That 70's Show Revisited

Sometime in the next couple of years we are going to see the virtual death of the dollar and its death is going to be perpetuated by the very recovery the administration is now engineering.

The death I speak of may not necessarily come in the form of terrible exchange rates, but it will definitely manifest itself in the form of very high interest rates and likely inflation as well (through commodities again).

Right now, we are all enjoying a period of historically low interest rates (the 3-month treasuries have almost no yield) due primarily to a flight to safety in the form of dollars following the worst market crash since "the great crash" and a collapse in virtually every other investment (except bonds obviously). This flight to safety means that there are hundreds of billions of dollars sitting on the sidelines earning almost no yield waiting for the gloom to pass so they can be reallocated in a more favorable manner (ie a potentially higher return). This will almost assuredly happen as the economy (and stock market) begin to recover at some point late this/early next year. The velocity of the recovery is going to be very important to how the return to equities unfolds.

The Obama administration has put out its budget (of which I have been very critical of their GDP forecasts), which will grow the debt by roughly 50% over the next 5 years in an effort to continue with efforts to stimulate the economy going forward. This budget is being coupled with an already high level of federal debt and consistent deficits that were racked up during the last administration (and before of course). All of this debt rolls over at regular intervals as determined by the term of the bonds sold when it was issued (and the interest rates vary with each auction), thus right now our debt service (and any new/rolled over debt) is quite low (in interest rate terms). The problem I see us about to run into could potentially destroy any recovery and really create even worse problems for years to come, as when the flight to safety ends, there will be no buyers at low rates for our debt. This potential lack of buyers in the near future means that rates will have to rise, which means a greater percentage of revenues will have to go to service payments (as opposed to things like health care/etc.) and it will also mean that a recovery in housing may get killed by rising mortgage rates.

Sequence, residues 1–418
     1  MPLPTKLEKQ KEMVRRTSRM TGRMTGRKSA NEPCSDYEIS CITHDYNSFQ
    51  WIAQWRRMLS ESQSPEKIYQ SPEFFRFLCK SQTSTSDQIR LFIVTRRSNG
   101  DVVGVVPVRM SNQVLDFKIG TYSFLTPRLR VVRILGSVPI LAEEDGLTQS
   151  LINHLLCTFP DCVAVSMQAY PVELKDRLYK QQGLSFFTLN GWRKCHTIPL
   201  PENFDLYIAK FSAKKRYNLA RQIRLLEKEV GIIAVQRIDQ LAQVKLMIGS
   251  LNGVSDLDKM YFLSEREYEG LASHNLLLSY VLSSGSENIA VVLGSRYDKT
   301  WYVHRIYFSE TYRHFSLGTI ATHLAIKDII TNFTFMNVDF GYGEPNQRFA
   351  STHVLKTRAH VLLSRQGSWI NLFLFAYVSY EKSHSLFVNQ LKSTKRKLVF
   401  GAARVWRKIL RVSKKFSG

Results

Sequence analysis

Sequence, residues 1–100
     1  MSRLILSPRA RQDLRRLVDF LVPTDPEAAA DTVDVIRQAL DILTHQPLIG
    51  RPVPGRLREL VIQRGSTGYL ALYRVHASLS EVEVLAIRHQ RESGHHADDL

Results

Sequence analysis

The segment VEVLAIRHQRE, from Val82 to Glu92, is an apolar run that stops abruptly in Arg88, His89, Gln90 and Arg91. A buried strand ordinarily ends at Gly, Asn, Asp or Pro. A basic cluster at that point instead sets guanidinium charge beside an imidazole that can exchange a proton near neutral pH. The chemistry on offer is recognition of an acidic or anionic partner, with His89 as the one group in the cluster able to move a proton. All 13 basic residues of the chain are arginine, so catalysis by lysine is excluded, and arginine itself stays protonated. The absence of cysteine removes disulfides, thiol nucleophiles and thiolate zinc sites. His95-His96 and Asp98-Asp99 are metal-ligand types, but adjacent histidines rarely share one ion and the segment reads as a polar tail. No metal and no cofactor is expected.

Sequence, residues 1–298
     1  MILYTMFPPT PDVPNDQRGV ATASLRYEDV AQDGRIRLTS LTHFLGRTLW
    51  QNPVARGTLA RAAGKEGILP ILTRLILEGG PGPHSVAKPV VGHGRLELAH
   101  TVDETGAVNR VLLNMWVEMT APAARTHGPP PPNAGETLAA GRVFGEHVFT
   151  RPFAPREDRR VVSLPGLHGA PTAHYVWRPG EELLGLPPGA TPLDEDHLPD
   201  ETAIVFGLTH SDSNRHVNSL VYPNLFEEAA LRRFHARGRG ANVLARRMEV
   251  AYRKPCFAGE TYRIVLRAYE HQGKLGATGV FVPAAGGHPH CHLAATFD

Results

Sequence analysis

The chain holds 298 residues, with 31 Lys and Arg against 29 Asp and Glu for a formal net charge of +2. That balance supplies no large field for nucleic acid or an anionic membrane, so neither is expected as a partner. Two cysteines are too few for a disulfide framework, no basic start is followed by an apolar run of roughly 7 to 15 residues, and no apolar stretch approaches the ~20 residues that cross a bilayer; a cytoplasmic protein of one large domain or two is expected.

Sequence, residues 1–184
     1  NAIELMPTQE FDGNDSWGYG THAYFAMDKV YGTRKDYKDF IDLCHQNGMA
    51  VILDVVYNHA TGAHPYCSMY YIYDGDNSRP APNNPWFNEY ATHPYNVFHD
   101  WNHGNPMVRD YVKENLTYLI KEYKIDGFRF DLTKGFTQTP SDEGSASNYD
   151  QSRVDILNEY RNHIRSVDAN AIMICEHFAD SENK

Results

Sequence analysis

The velocity of the recovery is very important here, as a fast recovery (like the administration is gambling on in its budget with 4% growth rates as soon as 2010) actually may be worse for the economy than a slow recovery due to the expected rapid rise in interest rates/inflation that a fast recovery will almost assuredly bring. Inflation is also a key worry here (obviously inflation isn't present now) because demand for commodities will increase during any recovery and a flight from treasuries will flood the market with dollars that will likely lose value and most commodities happen to be priced in dollars. Thus we may be simply jumping from the pot into the fire.

The reason I am against Obama's budget is not because I don't believe in the programs it supports (I do), but because the vastness of the deficit it creates may lead to worse economic conditions than we are facing now.

Cross posted at Daily Kos:



Welcome to EP SilverOz

My issue with "Stimulus" and deficit spending is it not following real Keynesian theory. The problem is they will not tie the jobs to U.S. citizens, perm residents.

Hence we have billions upon billions of contracts going to companies like IBM, who will assuredly offshore outsource the actual work. We also have GE, who also will offshore the work, same with Caterpillar.

So, by the equation, temporary deficit spending must increase domestic income in order to actually work.

So that's just the project spending, we haven't even gotten to the "tax cuts".

The Fed printing press is also a major concern and it's quite clear not only are other nation's wanting to decouple from the U.S. dollar, they literally want to get rid of the U.S. dollar as an international currency.

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I have a tendency to agree

And I've said so before- Keynes aside, there's a gigantic possibility that this method of spending will overshoot and crash the dollar.

At best, we'll hit it exactly on the mark (or within a billion or two), avoid major deflation, and reset the regulations to have this problem all over again in about 70 years.

As Robert Oak says above, the lack of tying the stimulus to *local* *domestic* production, and local self-sufficiency is the problem. The age of Manifest Destiny is over. We live on a finite world. We can't handle an eternally growing global economy. Time to figure out something else.
Moral hazards would not exist in a system designed to eliminate fraud.

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Maximum jobs, not maximum profits.